The closely guarded and secret slaughterhouse for pigs is located in the middle of a residential neighbourhood on the outskirts of Phnom Penh. Because of the lack of modern equipment, the animals here are still traditionally killed in a gruesome manner, as are animals in most slaughterhouses in Cambodia. Although international organisations in recent years have repeatedly called for a reform of Cambodia’s virtually non-existent animal welfare laws, slaughtering conditions have remained unchanged. The abattoir workers bludgeon the pigs with heavy metal rods. They then slit the animals’ throats and leave them to bleed to death, sometimes while still conscious. The dying pigs are dragged across the blood-soaked concrete floor before being thrown into a vat of boiling water. Throughout this brutal procedure, live and dead animals remain in the same room; the noises and smells are unimaginable and subject the pigs to maximum levels of stress.
This method is not without physical and psychological effects on the workers, who are employed on a piecework basis from eleven in the evening until five in the morning. Tellingly, their wages are based on the cruelty of the particular activity they are carrying out. Workers who slit the pigs’ throats receive the highest rate. Livestock production is being driven by a rapidly increasing demand for meat in Cambodia and attractive prospects of profit for employers.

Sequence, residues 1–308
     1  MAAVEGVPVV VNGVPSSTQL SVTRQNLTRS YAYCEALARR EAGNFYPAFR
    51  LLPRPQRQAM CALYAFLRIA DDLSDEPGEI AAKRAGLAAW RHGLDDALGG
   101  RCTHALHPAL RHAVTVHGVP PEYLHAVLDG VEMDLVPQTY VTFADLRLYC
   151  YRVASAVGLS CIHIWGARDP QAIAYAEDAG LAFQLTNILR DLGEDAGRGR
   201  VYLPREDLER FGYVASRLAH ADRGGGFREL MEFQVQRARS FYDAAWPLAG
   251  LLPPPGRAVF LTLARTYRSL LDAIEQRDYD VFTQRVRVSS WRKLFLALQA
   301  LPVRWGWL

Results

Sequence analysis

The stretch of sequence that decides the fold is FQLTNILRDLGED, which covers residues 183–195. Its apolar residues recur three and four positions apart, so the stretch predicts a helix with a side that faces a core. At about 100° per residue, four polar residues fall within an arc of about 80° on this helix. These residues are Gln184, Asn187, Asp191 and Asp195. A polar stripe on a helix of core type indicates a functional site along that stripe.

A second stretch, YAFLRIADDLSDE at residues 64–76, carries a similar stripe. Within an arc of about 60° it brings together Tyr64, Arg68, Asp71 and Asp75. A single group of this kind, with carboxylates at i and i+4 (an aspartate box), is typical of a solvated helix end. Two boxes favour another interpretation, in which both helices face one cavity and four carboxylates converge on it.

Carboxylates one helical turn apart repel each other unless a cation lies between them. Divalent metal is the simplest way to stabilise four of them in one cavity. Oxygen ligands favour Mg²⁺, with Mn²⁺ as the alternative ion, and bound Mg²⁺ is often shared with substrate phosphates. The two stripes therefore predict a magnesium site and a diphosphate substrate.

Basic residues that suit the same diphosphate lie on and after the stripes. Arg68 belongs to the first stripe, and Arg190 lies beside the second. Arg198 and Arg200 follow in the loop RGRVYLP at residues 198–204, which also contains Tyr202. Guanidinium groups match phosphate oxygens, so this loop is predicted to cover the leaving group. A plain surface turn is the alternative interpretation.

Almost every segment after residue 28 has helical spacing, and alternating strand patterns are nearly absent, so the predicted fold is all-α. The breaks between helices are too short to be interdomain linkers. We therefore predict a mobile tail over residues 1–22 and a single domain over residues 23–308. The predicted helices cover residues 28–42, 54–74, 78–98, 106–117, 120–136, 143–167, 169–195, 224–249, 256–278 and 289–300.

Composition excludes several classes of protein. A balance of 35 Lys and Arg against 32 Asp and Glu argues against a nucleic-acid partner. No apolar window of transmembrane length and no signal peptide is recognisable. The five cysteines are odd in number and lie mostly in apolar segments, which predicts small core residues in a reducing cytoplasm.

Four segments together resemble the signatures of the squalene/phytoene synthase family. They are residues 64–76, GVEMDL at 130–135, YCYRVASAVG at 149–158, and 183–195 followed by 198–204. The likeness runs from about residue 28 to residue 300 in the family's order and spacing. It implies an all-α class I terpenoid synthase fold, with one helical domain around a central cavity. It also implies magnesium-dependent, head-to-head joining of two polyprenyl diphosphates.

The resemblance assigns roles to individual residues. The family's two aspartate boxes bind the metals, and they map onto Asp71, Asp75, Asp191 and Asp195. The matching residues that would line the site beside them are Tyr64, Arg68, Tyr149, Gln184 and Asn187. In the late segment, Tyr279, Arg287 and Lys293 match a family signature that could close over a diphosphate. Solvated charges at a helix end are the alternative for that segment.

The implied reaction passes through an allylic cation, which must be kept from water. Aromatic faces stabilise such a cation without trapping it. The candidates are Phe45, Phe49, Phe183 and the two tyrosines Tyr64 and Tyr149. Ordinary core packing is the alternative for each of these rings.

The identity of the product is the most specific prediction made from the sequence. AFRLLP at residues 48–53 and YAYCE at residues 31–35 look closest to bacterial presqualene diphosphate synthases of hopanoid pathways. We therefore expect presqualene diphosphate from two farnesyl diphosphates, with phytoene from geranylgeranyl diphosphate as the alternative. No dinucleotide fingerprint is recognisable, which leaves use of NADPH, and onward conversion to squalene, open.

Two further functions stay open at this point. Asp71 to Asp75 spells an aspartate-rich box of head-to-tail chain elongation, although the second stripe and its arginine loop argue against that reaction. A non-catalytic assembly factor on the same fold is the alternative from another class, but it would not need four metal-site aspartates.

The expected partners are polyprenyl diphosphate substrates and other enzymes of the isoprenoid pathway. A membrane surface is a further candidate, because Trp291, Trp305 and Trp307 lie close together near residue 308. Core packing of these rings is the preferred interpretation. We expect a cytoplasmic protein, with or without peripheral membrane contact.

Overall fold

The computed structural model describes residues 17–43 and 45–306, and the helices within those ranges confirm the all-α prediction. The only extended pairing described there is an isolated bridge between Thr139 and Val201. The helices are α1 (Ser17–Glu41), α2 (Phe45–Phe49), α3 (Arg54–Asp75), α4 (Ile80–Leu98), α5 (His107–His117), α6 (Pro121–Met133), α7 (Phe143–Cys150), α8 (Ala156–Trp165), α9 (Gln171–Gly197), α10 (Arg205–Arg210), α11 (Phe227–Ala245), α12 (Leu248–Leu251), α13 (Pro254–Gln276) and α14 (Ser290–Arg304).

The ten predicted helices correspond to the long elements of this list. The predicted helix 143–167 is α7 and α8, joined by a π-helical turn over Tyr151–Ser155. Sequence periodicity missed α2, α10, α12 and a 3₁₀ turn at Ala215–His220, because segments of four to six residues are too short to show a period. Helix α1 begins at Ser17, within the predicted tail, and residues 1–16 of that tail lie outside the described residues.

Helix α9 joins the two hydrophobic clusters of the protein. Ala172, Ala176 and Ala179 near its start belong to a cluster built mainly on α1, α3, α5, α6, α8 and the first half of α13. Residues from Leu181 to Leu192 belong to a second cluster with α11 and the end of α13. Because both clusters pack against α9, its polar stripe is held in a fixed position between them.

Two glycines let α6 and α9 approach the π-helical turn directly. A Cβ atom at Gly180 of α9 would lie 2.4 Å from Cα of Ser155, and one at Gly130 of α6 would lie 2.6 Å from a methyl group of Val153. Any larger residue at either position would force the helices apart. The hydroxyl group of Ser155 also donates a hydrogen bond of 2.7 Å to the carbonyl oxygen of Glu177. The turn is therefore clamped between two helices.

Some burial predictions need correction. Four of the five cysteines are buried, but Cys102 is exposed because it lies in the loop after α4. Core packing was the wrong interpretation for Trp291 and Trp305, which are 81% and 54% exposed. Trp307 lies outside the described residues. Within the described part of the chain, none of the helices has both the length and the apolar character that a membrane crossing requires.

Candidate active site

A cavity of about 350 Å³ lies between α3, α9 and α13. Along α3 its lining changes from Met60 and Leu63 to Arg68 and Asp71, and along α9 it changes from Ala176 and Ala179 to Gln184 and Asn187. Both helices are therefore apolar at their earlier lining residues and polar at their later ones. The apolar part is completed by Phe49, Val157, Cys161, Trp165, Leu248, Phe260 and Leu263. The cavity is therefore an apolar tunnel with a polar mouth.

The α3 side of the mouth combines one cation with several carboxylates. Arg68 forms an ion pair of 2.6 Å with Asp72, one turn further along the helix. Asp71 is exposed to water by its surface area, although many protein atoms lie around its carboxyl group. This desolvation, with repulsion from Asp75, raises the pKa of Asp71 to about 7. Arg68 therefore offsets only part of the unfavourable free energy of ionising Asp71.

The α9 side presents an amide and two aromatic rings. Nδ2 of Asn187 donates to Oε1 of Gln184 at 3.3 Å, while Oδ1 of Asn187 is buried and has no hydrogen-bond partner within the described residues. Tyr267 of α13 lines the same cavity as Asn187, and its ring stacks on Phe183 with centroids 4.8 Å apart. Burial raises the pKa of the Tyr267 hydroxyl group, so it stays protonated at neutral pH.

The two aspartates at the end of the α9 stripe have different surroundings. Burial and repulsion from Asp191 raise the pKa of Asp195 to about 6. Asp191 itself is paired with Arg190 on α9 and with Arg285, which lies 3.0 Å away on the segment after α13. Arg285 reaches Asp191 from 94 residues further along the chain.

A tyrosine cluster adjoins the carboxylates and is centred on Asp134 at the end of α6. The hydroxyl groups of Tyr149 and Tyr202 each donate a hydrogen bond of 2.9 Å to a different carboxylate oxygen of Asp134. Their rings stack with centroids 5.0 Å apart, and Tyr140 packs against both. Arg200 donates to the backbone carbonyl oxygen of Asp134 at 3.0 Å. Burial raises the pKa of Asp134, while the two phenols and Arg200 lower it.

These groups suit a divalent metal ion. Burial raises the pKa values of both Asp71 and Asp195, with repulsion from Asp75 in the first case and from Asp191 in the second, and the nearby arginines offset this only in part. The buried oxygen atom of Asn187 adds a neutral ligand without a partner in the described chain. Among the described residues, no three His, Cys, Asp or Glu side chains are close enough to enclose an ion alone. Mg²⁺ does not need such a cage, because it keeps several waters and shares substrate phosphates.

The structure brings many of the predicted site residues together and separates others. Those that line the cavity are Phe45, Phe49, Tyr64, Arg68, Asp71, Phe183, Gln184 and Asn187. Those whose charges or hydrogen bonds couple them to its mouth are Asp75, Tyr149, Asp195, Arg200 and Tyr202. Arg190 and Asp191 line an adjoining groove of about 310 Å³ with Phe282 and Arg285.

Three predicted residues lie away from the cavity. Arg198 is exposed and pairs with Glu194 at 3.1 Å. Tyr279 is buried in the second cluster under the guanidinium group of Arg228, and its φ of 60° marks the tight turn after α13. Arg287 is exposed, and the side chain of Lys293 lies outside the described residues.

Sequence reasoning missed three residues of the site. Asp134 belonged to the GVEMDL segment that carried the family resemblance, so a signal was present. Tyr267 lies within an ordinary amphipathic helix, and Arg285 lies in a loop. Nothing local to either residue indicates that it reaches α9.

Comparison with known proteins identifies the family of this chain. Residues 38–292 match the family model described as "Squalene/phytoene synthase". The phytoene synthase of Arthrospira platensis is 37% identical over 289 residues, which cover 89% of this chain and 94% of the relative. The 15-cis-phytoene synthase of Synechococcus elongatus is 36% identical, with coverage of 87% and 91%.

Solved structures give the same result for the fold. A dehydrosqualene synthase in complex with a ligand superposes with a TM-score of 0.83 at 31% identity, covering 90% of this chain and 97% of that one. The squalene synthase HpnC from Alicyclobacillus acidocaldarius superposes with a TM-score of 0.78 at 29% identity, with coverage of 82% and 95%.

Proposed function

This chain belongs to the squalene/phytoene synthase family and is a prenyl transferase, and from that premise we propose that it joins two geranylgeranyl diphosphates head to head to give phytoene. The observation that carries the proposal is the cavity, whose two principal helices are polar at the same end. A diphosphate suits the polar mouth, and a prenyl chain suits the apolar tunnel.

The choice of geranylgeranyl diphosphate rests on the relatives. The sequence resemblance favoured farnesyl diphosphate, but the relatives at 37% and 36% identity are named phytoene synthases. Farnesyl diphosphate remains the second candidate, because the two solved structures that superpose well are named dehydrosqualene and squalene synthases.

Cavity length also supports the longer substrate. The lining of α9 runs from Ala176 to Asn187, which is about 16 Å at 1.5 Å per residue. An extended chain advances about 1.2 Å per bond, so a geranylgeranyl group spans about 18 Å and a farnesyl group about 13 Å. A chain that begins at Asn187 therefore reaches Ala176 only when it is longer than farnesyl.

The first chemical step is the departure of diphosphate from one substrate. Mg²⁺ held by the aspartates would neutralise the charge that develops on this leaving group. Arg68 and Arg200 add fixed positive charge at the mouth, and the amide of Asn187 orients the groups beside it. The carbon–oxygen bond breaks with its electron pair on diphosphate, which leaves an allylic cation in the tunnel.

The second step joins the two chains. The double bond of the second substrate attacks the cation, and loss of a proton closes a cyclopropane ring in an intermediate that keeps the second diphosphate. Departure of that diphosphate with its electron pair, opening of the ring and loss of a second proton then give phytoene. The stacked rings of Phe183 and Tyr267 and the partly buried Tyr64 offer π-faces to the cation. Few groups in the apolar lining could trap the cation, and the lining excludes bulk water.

The photo story is part of the series VANISHING CAMBODIA, which photographer Steff Gruber has been working on for a number of years and which examines the social changes taking place in the country.
Camera (digital): Nikon Z9 with Nikkor-Z zoom lens 24-70mm/2.8